As mentioned above, Brillouin scattering occurs from acoustic vibrations stimulated in the optical fiber [49]. These vibrations produce a counterpropagating wave, called Brillouin scattering wave, which weakens the forward-moving input pulse. To satisfy the requirement of energy conservation, there is a frequency shift between the Brillouin scattering wave and the original light pulse frequency. This frequency varies for different temperature and longitudinal strain conditions, making it possible to measure strain and temperature distribution based on the Brillouin scattering effect [50]. Brillouin optical time domain reflectometer (BOTDR, Figure 5), is based on the spontaneous Brillouin scattering and was initially introduced as a way to enhance the range of OTDR and with the advantage of monitoring the system from one end of the sensing fiber [51]. Brillouin optical time domain reflectometer (BOTDR) sensors thus mark the beginning of strain and temperature measuring DOFSs.
On the other hand, Brillouin optical time domain analysis (BOTDA, Figure 6), is based on stimulated Brillouin scattering. This technique uses two counter propagating lasers and takes advantage of Brillouin amplification [13].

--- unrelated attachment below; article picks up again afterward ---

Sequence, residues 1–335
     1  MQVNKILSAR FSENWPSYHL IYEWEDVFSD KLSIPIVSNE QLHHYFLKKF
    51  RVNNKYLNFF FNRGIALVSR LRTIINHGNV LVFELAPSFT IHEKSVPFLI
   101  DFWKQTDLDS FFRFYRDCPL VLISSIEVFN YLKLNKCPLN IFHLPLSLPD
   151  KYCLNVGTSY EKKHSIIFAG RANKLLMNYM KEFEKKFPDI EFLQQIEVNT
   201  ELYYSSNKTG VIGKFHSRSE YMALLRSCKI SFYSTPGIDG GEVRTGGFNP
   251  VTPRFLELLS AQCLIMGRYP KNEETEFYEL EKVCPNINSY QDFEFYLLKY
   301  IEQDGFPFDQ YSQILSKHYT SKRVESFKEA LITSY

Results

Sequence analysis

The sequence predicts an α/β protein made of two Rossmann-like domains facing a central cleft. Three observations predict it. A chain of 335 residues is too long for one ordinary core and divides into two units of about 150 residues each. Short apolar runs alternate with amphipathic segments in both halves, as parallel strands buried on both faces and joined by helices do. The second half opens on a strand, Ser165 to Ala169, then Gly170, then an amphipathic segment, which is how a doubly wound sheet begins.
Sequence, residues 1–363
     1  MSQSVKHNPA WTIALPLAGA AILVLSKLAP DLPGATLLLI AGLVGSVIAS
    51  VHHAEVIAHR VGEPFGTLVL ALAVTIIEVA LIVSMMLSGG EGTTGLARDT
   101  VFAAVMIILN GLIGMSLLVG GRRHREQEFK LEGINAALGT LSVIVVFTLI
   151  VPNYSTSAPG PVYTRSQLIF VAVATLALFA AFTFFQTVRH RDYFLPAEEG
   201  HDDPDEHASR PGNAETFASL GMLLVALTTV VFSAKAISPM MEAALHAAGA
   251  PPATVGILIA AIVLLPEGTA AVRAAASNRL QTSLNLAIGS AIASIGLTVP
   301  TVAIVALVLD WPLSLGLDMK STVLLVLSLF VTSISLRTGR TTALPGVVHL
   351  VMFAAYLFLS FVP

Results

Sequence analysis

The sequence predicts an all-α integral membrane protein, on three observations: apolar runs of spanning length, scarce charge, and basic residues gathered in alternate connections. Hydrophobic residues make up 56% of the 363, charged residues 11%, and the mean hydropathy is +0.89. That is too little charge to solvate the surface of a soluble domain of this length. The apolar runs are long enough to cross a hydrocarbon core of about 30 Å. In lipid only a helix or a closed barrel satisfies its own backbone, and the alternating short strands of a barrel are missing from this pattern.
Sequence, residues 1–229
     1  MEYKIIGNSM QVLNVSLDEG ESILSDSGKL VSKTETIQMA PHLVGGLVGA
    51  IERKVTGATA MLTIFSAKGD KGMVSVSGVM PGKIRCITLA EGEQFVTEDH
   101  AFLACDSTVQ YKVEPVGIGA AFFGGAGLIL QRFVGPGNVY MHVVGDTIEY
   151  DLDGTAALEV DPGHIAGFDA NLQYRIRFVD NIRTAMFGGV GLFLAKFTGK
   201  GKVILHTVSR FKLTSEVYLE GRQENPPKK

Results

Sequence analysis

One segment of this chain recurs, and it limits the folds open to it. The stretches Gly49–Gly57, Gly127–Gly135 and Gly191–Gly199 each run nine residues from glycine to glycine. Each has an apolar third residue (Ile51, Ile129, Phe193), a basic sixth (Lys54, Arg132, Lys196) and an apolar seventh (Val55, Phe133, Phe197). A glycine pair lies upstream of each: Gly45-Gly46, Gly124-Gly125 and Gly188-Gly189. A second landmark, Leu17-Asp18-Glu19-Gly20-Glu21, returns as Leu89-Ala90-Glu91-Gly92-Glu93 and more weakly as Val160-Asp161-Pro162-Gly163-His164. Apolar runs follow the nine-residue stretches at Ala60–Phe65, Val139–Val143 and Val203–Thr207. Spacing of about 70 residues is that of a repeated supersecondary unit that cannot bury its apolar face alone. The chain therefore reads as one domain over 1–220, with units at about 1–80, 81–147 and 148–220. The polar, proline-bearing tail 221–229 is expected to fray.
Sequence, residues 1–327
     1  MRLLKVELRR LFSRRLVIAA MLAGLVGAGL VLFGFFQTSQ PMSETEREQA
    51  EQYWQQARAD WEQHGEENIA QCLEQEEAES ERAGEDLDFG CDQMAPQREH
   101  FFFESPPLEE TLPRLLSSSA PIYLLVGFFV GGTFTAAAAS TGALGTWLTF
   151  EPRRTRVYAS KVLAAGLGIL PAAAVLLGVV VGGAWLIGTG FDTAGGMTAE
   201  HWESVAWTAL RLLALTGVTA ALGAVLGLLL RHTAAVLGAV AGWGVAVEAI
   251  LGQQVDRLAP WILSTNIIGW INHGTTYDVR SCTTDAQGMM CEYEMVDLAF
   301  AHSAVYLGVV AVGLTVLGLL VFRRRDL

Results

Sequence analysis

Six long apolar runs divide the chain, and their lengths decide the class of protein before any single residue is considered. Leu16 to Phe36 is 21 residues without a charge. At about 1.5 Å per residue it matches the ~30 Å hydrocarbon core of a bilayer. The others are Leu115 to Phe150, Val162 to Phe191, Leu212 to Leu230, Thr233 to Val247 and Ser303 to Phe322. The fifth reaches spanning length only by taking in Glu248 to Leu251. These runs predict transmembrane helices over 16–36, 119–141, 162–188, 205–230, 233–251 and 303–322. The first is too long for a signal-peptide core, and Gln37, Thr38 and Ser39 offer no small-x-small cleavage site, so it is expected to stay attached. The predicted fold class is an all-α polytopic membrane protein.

A coherent detection technique is necessary to detect the usually very weak counterpropagating Brillouin scattering signal [52]. In this way, the fiber is interrogated with a continuous wave (CW) from one end. Stimulation of the Brillouin scattering process occurs when the frequency difference of the CW signal and the pulse is equal to the Brillouin shift (resonance condition) [22].
The first early works on Brillouin-based DOFS were focused on temperature sensors. Among those works, [43,44,53] can be highlighted. The latter investigated the design of an optimized distributed sensor for temperature measurements based on the Brillouin gain/loss mechanism presenting data from a 51 km system, which was at that date, the longest sensing length reported.
BOTDR is normally capable of long-distance distributed sensing with a sensitivity of 5 µε, which is suited for large-scale applications of structural and geotechnical monitoring [54]. However, both BOTDR and BOTDA are limited to a spatial resolution of roughly 1 m and therefore not suitable for a large range of structural monitoring applications. Different techniques have been studied with the intention of improving said resolution [55], such as the Brillouin optical correlation domain analysis (BOCDA) that improves this resolution to the cm level [56,57,58]. Furthermore, complex and advanced algorithms were studied and developed for several Brillouin backscattering based DOFS applications with the objective of improving its spatial resolution [59,60]. Notwithstanding, Brillouin backscattering based DOFS constitute the most studied and used DOFS systems in civil engineering structure SHM applications.